You see, this strange wave of populism that has taken us all by surprise is lapping at the shores of our particular profession as well as flooding the red and blue bastions of conservative and liberal thinking across the land. As an MD, I have limited interest in such important clinical ND issues as CPT codes and scope of practice – these simply do not impact my personal life. But I am fascinated by the internal politics of this field and the personalities that nudge and pull on the ship of naturopathic medicine like tugboats, each chugging towards its own desired destination. And what I see in today’s political horizon is our own little populist movement announcing unhappiness with the status quo and calling rather insistently for that nebulous yet ubiquitous concept of change.

What kind of change is, as with the rest of the country, still a bit nebulous and undefined, but we will let this detail work itself out over the ensuing months. The fact is that, as an AANP Board member for the past four years, I have been able to identify and get to know a few of the players and a few of the issues. The AANP, its Board, its executive director, the state associations, their Boards, their executive directors, the schools, their presidents, past AANP presidents, future AANP presidents, journalists (including myself), the Academic Consortium for Complementary and Alternative Health Care (ACCAHC), the Integrative Healthcare Policy Consortium (IHPC), the Naturopathic Coordinating Council (NCC), the Naturopathic Medical Student Association (NMSA) and on. And on. Tugboats pulling and pushing on the good ship Naturopathy. Stay the course. Change direction. Return to the past. Dive into the future. Toot toot.

Before any of the above mentioned begin to take this analogy a bit too personally, I wish to make one point quite clear: This is all a very, very good thing. Should we take a look at our national political system as a larger illustration, I believe we must come to the conclusion that no matter our individual views on the Tea Party movement and its leaders, we cannot but admit that our current political system has become mired in dysfunction and inertia, and it may well take an entity as disruptive as the Tea Party to shake some sense into us. In the same vein, I believe it is time for the profession of naturopathic medicine, at the national, state, academic, political, media, and individual levels to take a long, hard look at our own dysfunctions and inertia (We all have them! Yes we do!) and come to a communal course of, well, change. Naturopathy is no longer under the social and professional assault from that it was twenty years ago. Conventional medicine is no longer the ogre trying to eat our children (well, maybe the AMA might still be). We must put past thinking where it belongs – in the past.

So change is in the air, as it must be. But we must realize that change does not mean returning to past thinking, or past policies. It does, however, require transparency and openness on the part of those instigating change. Personal agendas have no place here, and will serve only to create further dysfunction and inertia. Unfortunately for me, I will no longer have a front row seat after December 31st, when my Board term expires.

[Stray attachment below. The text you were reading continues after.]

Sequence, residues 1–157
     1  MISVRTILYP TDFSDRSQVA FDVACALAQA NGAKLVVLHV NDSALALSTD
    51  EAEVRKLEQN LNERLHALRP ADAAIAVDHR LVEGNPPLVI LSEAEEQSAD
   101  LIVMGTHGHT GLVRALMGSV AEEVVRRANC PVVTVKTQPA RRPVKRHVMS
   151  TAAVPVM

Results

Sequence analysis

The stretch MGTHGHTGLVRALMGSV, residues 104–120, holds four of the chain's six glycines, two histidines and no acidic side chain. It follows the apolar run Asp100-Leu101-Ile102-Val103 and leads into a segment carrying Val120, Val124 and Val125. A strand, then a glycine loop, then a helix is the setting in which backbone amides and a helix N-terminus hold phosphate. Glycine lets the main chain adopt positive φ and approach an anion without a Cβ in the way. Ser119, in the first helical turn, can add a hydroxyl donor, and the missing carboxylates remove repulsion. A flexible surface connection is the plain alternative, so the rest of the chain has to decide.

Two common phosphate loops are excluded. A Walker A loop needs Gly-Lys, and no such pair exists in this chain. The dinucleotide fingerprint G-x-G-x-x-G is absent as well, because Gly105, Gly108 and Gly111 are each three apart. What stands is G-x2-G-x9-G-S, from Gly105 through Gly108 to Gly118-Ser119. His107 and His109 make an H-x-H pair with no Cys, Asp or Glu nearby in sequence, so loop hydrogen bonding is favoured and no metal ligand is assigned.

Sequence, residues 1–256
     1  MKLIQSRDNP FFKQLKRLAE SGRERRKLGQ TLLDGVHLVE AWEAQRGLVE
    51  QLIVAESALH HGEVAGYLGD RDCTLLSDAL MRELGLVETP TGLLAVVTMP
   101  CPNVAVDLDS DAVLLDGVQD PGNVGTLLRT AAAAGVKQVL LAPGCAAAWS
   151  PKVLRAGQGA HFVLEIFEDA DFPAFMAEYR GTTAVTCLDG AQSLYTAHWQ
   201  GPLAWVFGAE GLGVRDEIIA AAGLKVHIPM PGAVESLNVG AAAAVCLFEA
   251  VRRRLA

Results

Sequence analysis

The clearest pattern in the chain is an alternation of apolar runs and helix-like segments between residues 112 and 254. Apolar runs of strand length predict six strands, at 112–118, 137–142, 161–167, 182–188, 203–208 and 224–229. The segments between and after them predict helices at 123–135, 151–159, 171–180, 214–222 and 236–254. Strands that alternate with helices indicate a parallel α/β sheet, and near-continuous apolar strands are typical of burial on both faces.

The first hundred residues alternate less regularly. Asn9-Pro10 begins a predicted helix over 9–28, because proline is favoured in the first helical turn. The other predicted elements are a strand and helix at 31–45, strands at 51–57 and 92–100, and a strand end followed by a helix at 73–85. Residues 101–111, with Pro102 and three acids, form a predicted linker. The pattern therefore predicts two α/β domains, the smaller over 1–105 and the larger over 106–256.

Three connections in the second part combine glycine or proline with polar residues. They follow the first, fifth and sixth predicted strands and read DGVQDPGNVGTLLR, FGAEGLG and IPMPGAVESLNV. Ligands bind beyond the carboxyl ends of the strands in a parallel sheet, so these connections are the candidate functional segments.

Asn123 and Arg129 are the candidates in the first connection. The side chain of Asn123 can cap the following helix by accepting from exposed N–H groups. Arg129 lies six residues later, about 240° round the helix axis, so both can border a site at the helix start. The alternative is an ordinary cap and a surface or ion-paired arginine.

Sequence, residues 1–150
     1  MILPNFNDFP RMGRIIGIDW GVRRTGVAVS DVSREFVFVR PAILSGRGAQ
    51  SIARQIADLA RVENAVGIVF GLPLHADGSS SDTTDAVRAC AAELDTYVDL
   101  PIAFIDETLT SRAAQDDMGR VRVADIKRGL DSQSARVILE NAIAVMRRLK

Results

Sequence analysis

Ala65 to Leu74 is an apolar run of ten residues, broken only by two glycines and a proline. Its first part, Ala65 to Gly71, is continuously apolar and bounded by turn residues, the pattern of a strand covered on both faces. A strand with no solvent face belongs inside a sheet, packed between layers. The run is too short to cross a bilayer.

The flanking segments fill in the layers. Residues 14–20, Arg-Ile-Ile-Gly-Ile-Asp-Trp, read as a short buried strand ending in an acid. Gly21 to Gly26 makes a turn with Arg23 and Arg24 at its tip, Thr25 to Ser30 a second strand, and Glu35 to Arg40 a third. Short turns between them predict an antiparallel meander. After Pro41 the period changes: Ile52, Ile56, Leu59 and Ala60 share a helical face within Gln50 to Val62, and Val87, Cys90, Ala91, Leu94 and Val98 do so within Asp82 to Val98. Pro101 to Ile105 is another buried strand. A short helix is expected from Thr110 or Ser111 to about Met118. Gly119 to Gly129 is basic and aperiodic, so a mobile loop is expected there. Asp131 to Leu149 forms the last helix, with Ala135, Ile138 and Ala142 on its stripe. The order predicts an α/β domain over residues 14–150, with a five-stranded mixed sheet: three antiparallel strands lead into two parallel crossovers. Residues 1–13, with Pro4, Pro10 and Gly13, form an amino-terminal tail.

But I’ll be watching from the sidelines nonetheless . . .

Monday, October 4, 2010

Fall Cleansing: Perfect Timing and Optimal Process

By Sara Thyr, ND

Have you heard that spring and fall are ideal times to do a cleanse? In the spring, new buds signal a time of growth, and people are inspired to do spring cleaning. In the fall, as the growth season winds to a close, a cleanse is an ideal way to prepare for winter, the holidays and hibernation.

A biannual detox is a welcome addition to one’s healthcare regimen.

If you are living on this planet, even under the best of circumstances, you are exposed to toxins. They are present in many situations, and we easily absorb them into our bodies. Toxins are prevalent in pollution, and in average automobile exhaust. Just driving your car or walking down the street can add to your toxic burden. Everything from our food and medications to our homes and personal care products, such as lotions and aftershave, can add toxins to our bodies.

People come to do a detox for a variety of reasons: hormonal symptoms – such as PMS or perimenopause, skin issues, fatigue, headaches, infertility, autoimmune disorders, elevated cholesterol, and a variety of inflammatory disorders. Once people are aware of the many toxins in our environment, even those who eat organic and keep their cleaning products as clean as possible often want to detoxify a couple of times per year as a good preventive strategy.

Organs in our bodies that assist us in detoxification on a daily basis include the liver, lungs, kidneys, digestive tract and skin.

Many of the over-the-counter detoxification kits include intestinal cathartics – even natural ones like senna and cascara – which can induce explosive bowel action, cramping and discomfort in many people. Having optimal digestive function is critical for proper elimination and detoxification, but this type of abrasive action is not recommended. (If someone is continually constipated, then they likely need a detox more than most people, since their detoxification action in the digestive tract is limited. They may benefit from cathartics, but should use them only in the short term. Constipation can be resolved by treating underlying causes, not just depending on laxatives.)

While all of the organs of detoxification are important for optimal health, focusing on the liver and assuring excellent elimination makes the most sense. The liver is really the powerhouse of detoxification in the body. Most medications have to pass through the liver in order to be eliminated. Our liver function affects our hormones and our ability to clear other toxins to which we are exposed.

An ideal plan for detoxification includes diet changes, such as eliminating alcohol and caffeine, sugar, refined carbohydrates and any known food allergens.

Supplements that may be helpful will provide nutrients and herbs for liver support and a fiber source to improve elimination.

Saunas, steams and massage will also aid in the body’s detoxification process.

The type of cleanse that is best for an individual will depend on one's symptoms and personal goals. A licensed naturopathic physician can tailor a plan to their specific needs.